Thursday, April 1, 2010

NBA and Urban Planning

Among other reasons to rejoice in each NBA city, we must note that many NBA arenas have been constructed with a judicious regard for land-use and planning concerns. Rather than occupying scarce real estate in a city center (and even more space with broad parking lots), many basketball buildings sit over commuter rail train hubs:

  • Boston's TD Garden (formerly "Fleet Center"), built over North Station, which serves commuter rail lines stretching into Massachusetts's North Shore;

  • New York's Madison Square Garden, sitting across the street from the above-ground Penn Station and directly over the rail tracks (A full accounting of MSG and Penn Station, however, must document how the former, more beautiful Penn Station structure was demolished in the 1960s, leaving many observers aghast, to allow the construction of the current MSG. See Mad Men Season 3 for a dramatization of this controversy);

  • Toronto's Air Canada Centre, sitting directly adjacent to downtown Union Station and over some of the rail lines;

  • In Brooklyn, the proposed Atlantic Yards development, which we previously discussed at length on this blog, would position a new NBA arena directly over (i) the largest MTA station in Brooklyn and (ii) a terminus of the Long Island Railroad;

  • In Sacramento, a proposed new NBA arena would sit directly above a new regional transit center, according to plans announced in January 2010.

  • However, many cities do not adhere to this model:

  • In Washington DC, Union Station sits on the northeast side of town, near the US Supreme Court building, presaging a transition from the political corridor of the city into more residential, and, unfortunately, more downtrodden neighborhoods. Meanwhile, the Verizon Center proudly gleams in Chinatown near many law firms and courthouses.

  • In Chicago, Union Station and Ogilvie Station are positioned approximately two blocks west of the "Loop" downtown district, and an arena would fit snugly there. (Soldier Field is only about ten blocks south of the Loop, immediately on the lakefront.) However, the Bulls' and Blackhawks' arena is about one further mile west of Union Station in the West Loop / Near West Side neighborhood. Perhaps the thought was that Chicagoans preternaturally must come by car, and an arena without several acres of parking lots could not thrive.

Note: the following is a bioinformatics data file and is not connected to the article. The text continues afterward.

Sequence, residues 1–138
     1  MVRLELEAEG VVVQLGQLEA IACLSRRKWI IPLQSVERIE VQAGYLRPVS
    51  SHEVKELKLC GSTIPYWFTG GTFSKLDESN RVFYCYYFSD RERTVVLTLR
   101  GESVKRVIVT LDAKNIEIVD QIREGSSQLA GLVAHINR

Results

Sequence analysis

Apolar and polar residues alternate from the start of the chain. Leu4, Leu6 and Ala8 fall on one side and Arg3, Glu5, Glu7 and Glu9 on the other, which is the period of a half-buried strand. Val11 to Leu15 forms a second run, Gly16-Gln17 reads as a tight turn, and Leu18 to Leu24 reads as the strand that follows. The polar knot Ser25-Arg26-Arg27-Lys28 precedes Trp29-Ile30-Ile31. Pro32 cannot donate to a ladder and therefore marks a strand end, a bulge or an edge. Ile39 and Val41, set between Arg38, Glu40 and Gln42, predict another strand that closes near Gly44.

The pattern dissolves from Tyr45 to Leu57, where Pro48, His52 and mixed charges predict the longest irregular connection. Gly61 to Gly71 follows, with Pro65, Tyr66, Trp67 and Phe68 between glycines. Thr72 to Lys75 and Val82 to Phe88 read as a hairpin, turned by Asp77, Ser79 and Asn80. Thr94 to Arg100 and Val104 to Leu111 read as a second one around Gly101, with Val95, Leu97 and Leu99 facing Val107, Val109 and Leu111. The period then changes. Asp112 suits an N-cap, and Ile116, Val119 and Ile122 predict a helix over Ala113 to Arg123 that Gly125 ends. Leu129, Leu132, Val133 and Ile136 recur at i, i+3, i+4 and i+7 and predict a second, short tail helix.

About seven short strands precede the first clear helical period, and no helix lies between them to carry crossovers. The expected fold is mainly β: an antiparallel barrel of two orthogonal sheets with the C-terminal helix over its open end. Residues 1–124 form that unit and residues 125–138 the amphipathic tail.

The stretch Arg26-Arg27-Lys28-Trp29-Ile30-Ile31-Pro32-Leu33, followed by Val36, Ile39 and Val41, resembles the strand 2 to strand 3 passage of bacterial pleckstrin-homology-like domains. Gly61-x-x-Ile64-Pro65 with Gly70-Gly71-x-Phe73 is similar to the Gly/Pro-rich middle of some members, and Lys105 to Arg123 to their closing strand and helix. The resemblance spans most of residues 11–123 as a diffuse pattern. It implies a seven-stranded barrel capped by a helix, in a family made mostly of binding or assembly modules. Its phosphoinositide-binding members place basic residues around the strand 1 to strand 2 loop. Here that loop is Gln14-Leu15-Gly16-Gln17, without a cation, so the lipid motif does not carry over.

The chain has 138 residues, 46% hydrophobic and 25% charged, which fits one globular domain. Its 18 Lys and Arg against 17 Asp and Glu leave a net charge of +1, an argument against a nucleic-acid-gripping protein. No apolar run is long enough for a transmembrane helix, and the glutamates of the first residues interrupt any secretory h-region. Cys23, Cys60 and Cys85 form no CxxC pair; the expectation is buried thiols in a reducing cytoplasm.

• In Los Angeles, Union Station and Staples Center are both generally downtown, but a couple miles apart.

  • In Detroit, the Pistons' venerable, 22-year-old arena sits in the affluent Oakland County suburbs, laughingly eschewing anything like "public transit" or "ties to the city".

  • In Memphis... well, seriously? Commuter rail in Memphis Tennessee? As if pigs could fly! When I visited this town last year, there were barely enough people to fill up the downtown two-block Beale Street tourist district. Outside Beale, most retail storefronts I saw were empty, waiting to be leased. It is unfortunate.

  • In Milwaukee, the Bradley Center sits about 1 mile away from the Amtrak station. Both are roughly in the downtown core (in fact, the arena may be the city's greatest draw, making viable a surrounding ring of taverns), but without a car it is not realistic to sally from one to the other.

  • Throughout southern and western metropolises, actually, where population is less densely packed, commuter rail systems just aren't there.

  • I cannot say what the right model is. I note that, unlike baseball and football, "tailgating" is not a hoary tradition at basketball or hockey games. Additionally, basketball fans tend to be more urban in character, and we also know that teams make their money by selling courtside seats to suburban-residing business folk, who often take commuter rail into the city. I know little about the substantive urban planning issues here, so I would certainly appreciate feedback.

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